The 2023 General Assembly adjourned “sine die” on Saturday, February 25th, but with work to continue on finalizing the second year of the biennial budget bill. The reconvened session is scheduled for Weds, April 12th, for the legislators to weigh in on any of the Governor’s actions on the many bills that they have forwarded to him for his consideration. For the political wonks reading this, if you click on this link, you can see the session statistics. The short version is that the General Assembly sent 819 bills on to the Governor, not including Senate and House resolutions that do not require a gubernatorial signature. I hope the Governor has enough ink to cover his signatures and actions!
Regarding the budget bill, we know that the budget conferees will continue to meet until they have agreed upon a budget compromise. The House and the Senate versions of the budget were quite dissimilar, with the House approving a large tax cut and the Senate approving increased expenditures particularly in the areas of health care and public education. The fiscal year ends June 30, and localities are depending upon final figures from the state in order to finalize their 2023-24 FY budgets. So, we hope that the budget will be finished sooner rather than later!
We flagged several bills of importance to the bleeding disorders community. First, we had been hopeful that we would see further sales tax exemptions passed for food and personal hygiene products. Delegates McNamara and Turant had filed HB 1484, Delegates Greenhalgh and Head, HB 1686, and Senator Sutterlein, SB 850. All of these bills failed to advance.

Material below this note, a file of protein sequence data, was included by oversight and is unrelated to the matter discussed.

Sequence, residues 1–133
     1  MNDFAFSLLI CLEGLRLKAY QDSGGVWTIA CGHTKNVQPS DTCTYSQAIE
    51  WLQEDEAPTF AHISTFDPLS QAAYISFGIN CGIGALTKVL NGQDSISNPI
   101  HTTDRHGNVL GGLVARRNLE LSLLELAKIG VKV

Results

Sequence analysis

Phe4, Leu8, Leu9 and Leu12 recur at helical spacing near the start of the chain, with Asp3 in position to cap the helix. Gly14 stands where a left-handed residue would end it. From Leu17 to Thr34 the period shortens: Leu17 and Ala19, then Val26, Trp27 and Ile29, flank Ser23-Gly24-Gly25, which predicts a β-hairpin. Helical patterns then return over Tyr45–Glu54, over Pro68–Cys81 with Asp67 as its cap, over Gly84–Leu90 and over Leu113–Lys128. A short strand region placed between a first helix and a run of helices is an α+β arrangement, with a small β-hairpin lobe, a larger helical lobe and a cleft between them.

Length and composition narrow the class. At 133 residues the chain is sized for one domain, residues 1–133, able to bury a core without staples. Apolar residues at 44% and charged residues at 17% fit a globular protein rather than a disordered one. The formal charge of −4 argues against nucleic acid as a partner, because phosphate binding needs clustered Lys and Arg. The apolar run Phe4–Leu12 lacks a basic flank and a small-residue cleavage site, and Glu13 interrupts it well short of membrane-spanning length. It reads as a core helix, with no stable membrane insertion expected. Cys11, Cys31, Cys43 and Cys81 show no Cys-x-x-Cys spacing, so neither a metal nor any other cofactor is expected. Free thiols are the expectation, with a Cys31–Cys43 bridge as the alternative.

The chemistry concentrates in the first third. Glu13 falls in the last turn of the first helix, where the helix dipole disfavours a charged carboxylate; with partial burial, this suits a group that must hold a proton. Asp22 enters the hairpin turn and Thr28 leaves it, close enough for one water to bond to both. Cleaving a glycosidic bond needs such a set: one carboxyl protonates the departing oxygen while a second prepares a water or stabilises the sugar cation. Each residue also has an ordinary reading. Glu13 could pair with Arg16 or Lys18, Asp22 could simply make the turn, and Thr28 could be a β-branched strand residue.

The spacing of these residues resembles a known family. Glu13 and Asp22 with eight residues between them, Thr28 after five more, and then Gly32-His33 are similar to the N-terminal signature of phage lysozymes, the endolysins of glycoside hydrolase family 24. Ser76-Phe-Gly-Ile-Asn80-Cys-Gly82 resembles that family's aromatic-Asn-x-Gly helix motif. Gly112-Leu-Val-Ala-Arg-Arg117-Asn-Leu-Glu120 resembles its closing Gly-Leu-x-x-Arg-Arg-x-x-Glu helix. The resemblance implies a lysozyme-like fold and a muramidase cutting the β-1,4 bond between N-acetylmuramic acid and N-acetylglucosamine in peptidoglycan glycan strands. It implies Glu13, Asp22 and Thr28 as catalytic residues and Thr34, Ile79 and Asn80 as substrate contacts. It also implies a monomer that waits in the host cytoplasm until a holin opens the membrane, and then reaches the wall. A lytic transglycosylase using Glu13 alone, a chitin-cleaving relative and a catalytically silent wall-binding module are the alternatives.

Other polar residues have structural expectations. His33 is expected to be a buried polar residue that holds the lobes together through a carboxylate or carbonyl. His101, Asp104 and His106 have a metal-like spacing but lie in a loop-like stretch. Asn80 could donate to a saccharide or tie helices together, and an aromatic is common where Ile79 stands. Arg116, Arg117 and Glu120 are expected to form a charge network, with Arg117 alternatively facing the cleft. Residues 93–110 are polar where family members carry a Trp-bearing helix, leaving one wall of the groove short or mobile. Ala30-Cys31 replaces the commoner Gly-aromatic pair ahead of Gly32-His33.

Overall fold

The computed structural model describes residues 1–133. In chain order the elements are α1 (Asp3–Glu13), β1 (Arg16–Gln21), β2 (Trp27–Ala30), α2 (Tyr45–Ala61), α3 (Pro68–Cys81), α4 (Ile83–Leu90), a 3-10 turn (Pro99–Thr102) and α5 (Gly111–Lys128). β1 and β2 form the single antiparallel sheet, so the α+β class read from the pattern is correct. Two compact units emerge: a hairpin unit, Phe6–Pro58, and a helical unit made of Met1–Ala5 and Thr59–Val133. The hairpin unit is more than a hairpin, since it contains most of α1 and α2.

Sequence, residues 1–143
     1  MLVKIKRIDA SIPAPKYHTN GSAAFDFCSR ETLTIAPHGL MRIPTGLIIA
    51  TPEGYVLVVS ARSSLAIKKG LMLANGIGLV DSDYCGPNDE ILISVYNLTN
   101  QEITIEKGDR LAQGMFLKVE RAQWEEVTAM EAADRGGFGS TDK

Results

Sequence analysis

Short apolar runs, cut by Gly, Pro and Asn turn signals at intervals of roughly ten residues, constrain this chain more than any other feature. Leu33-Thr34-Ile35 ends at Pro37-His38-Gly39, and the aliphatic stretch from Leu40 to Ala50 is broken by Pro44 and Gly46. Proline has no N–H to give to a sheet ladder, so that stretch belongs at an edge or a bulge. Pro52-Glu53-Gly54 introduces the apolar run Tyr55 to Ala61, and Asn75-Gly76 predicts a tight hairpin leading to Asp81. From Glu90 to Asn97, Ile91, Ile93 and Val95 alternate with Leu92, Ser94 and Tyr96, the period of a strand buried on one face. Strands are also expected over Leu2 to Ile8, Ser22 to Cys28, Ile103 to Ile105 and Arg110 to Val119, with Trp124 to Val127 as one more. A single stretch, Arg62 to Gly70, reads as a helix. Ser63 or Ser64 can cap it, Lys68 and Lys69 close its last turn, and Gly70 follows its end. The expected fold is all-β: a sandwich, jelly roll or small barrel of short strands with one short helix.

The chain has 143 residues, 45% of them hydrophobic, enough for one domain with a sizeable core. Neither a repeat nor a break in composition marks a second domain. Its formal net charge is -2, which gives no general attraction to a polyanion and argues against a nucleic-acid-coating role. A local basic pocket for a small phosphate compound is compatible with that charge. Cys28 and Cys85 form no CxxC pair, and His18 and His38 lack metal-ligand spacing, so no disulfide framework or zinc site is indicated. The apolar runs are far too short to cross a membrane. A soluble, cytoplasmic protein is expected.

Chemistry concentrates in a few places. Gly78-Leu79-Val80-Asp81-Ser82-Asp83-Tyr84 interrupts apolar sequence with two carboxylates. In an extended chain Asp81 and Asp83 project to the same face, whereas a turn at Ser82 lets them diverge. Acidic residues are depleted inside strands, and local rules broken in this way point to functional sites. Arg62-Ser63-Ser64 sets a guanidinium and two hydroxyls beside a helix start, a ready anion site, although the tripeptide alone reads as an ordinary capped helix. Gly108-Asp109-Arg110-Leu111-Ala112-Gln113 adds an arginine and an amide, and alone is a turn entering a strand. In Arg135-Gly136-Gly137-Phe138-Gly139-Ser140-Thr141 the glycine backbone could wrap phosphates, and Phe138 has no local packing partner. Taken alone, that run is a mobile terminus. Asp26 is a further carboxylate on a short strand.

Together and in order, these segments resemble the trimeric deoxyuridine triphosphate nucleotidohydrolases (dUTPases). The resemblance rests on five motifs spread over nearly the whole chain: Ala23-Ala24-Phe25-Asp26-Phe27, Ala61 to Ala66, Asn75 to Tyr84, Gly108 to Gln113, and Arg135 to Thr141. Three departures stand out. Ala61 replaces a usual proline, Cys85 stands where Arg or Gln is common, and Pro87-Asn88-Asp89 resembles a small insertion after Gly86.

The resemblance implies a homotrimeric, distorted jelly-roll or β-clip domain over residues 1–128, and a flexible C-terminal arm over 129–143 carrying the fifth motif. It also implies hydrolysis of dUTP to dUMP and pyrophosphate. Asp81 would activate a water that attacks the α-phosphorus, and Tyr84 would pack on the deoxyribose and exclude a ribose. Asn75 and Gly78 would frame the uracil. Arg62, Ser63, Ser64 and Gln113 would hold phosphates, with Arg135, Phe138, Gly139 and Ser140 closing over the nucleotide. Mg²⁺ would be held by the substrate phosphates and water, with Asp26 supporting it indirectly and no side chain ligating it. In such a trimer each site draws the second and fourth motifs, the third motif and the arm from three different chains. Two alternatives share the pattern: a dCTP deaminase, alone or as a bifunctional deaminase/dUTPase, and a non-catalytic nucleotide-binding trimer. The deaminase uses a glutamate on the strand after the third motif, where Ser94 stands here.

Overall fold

We also monitored several health insurance bills that probably do little to lower the cost of health insurance but will not increase the cost by their passage. Specifically, HB 1471 (Fowler) and SB 1261 (Dunnavant) aim to streamline the process of obtaining prior authorization through electronic means. Some members of our community have had to deal with this issue, and we hope that these bills will facilitate the process.
Del. Kilgore and Sen. Barker sponsored HB 1640 and SB 1409 to require insurers who issue Medicare supplemental plans to offer such plans to individuals under the age of 65 who are also enrolled in Medicare Parts A and B or who are eligible for Medicare based on disability. The plans must become available January 1, 2024.
And finally and perhaps most potentially significant for our community are HB 2199 (Byron) and SB 1397 (Surovell). These bills require that the Health Insurance Reform Commission establish a process for the Bureau of Insurance to review the current essential health benefits benchmark plan in 2025 (and every five years thereafter). We will need to be vigilant as the Commission completes its work in 2024 in preparation for the revision of the essential health benefits benchmark plan for 2025 with regard to treatment of people with inherited bleeding disorders. We expect that the Commission will begin its work after July 1st.
If you have any specific questions about these or any other bills, please do not hesitate to contact Becky Bowers-Lanier at email@example.com and many thanks for your advocacy on behalf of our community!